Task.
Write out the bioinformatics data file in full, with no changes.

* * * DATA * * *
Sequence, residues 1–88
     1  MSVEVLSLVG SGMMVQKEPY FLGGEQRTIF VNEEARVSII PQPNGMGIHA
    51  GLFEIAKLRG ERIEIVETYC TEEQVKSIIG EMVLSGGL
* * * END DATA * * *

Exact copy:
Sequence, residues 1–88
     1  MSVEVLSLVG SGMMVQKEPY FLGGEQRTIF VNEEARVSII PQPNGMGIHA
    51  GLFEIAKLRG ERIEIVETYC TEEQVKSIIG EMVLSGGL